Chapter 1


Referral of inquiry and terms of reference

1.1        The Joint Standing Committee on the National Disability Insurance Scheme (NDIS) was established on 1 September 2016. The committee is composed of five members and five senators.

1.2        The committee is tasked with inquiring into:

  1. the implementation, performance and governance of the NDIS;
  2. the administration and expenditure of the NDIS; and
  3. such other matters in relation to the NDIS as may be referred to it by either House of the Parliament.

1.3        After 30 June each year, the committee is required to present an annual report to the Parliament on the activities of the committee during the year, in addition to other reports on any other matters it considers relevant.

1.4        The committee is also able to inquire into specific aspects of the Scheme. On 15 August 2018, the committee decided to undertake an inquiry into the ICT infrastructure employed by the NDIA, with particular reference to:

  1. participant and provider experiences of the MyPlace Portal;
  2. the impact of the role of other Government agencies on the ICT infrastructure;
  3. the appropriateness of the MyPlace Portal and agency facing IT systems;
  4. the impact of ICT infrastructure on the implementation of the NDIS; and
  5. any other related matters

Structure of the report

1.5        This report is comprised of two chapters, as follows:

Conduct of the inquiry

1.6        The committee received 31 submissions to the inquiry from individuals and organisations. These submissions are listed in Appendix 1.

1.7        Submissions and answers to questions on notice are available on the committee's website.

Note on terminology and references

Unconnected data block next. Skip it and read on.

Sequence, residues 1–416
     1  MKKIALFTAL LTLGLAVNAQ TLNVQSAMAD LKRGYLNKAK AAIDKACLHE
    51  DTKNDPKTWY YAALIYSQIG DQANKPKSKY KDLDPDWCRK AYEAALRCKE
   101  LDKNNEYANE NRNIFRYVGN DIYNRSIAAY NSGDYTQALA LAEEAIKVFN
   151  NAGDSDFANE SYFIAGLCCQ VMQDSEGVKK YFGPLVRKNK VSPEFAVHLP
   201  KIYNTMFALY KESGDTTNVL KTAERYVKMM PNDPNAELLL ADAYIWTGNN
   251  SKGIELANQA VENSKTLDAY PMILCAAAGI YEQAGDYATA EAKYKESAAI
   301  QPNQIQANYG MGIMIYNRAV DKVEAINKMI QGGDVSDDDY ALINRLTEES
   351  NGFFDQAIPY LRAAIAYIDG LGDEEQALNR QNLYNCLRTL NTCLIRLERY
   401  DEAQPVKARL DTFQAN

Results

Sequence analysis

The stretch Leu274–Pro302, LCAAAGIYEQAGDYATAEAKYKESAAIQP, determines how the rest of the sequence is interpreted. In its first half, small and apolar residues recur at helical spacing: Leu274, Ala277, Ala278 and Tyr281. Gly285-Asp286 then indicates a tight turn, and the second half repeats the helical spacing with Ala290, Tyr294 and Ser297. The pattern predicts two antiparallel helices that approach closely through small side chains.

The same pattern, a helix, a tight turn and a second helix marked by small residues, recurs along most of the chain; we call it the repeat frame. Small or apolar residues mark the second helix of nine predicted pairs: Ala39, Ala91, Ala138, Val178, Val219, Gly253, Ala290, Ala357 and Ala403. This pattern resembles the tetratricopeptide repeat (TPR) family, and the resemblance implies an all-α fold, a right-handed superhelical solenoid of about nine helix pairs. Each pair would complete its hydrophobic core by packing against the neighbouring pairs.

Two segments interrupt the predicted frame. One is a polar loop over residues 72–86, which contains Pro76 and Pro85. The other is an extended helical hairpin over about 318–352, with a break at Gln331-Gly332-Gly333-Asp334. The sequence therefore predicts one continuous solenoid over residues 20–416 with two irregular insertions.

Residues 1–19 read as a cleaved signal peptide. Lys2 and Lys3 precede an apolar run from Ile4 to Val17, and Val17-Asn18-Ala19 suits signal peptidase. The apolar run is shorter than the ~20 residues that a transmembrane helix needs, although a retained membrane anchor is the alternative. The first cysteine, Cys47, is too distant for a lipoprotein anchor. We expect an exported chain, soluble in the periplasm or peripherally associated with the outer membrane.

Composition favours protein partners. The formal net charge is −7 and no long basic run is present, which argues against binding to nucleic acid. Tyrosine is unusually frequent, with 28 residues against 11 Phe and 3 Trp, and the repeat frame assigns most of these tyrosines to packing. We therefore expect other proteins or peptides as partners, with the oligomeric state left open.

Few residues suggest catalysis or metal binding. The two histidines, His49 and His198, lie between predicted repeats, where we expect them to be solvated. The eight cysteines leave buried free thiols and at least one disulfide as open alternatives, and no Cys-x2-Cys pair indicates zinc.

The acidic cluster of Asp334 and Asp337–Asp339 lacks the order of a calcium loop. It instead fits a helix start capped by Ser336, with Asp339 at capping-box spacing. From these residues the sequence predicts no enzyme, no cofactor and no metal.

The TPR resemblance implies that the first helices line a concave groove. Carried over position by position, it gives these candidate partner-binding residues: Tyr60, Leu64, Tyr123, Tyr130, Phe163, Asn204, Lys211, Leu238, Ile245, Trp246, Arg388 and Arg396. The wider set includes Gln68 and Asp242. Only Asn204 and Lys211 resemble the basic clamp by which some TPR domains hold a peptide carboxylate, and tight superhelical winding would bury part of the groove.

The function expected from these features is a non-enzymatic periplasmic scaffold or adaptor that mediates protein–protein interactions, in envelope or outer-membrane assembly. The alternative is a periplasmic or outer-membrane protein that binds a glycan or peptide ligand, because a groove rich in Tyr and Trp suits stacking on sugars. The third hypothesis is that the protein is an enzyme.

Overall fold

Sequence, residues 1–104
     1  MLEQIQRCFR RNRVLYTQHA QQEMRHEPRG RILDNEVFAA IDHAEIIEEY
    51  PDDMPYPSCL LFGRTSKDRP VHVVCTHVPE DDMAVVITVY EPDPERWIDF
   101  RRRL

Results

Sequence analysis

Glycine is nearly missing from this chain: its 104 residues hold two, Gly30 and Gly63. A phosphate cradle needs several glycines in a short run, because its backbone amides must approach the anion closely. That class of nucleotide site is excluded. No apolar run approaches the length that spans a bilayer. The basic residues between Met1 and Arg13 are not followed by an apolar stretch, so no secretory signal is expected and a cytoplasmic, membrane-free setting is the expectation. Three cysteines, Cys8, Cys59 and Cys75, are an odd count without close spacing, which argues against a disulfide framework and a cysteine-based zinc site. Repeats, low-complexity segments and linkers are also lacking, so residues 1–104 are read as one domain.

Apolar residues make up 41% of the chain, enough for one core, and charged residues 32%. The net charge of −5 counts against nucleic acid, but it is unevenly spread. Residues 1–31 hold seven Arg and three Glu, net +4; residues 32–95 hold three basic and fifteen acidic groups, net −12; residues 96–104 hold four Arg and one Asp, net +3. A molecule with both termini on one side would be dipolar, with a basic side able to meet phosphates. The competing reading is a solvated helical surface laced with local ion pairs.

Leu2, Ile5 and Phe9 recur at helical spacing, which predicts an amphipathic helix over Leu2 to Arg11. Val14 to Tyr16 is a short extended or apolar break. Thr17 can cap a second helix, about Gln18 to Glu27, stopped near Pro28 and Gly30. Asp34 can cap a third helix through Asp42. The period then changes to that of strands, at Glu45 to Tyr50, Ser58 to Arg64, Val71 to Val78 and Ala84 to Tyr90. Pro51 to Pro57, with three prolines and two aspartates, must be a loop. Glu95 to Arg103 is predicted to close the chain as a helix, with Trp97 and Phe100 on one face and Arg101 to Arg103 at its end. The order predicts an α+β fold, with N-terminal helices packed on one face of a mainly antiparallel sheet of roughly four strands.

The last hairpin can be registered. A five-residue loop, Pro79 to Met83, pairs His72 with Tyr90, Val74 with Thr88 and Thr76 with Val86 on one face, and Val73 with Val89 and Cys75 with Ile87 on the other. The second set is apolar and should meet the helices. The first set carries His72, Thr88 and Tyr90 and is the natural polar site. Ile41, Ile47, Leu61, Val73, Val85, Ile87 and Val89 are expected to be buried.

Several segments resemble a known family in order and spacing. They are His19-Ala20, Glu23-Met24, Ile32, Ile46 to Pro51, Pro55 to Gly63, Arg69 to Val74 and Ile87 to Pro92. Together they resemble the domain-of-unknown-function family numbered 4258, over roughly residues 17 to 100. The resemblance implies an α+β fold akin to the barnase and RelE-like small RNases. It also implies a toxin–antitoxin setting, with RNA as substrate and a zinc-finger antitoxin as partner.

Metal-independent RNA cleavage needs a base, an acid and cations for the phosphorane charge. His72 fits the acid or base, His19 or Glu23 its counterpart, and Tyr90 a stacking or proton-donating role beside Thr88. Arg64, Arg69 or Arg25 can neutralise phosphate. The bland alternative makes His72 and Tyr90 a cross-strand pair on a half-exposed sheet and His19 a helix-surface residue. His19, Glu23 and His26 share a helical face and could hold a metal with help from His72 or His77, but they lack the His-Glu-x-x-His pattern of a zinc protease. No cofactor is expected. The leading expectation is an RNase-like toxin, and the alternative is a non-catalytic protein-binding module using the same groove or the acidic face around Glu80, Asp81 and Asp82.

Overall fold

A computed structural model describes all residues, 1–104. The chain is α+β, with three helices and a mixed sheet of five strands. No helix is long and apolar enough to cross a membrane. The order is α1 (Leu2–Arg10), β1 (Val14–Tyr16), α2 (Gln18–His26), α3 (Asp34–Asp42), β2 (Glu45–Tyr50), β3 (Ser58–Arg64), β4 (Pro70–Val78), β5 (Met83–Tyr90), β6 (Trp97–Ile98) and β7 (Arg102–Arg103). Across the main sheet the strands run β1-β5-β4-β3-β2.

1.8        References to submissions in this report are to individual submissions received by the committee and published on the committee's website.


1.9        The committee would like to thank the individuals and organisations that made written submissions to this inquiry. We are grateful for their time and expertise.

Background information

Development of the ICT system

1.10      From 2013 to 30 June 2016, during the NDIS trials, the NDIS was supported by an interim Siebel based ICT system managed by the Department of Social Services (DSS). The system was designed to support around 30 000 participants and not easily scalable to support the full scheme.[1]

1.11      From 2015–16, the Australian Government committed $143 million over four years to develop a new system, with the Department of Human Services (DHS) managing its implementation and integration. DHS was established as the systems integrator to the NDIA for both initial capability development and ongoing operational management of ICT services.[2]

1.12      The NDIA, in co-operation with DHS and DSS, developed the new ICT system which is expected to support approximately 460 000 participants and 20 million payment transactions per annum at full Scheme.[3]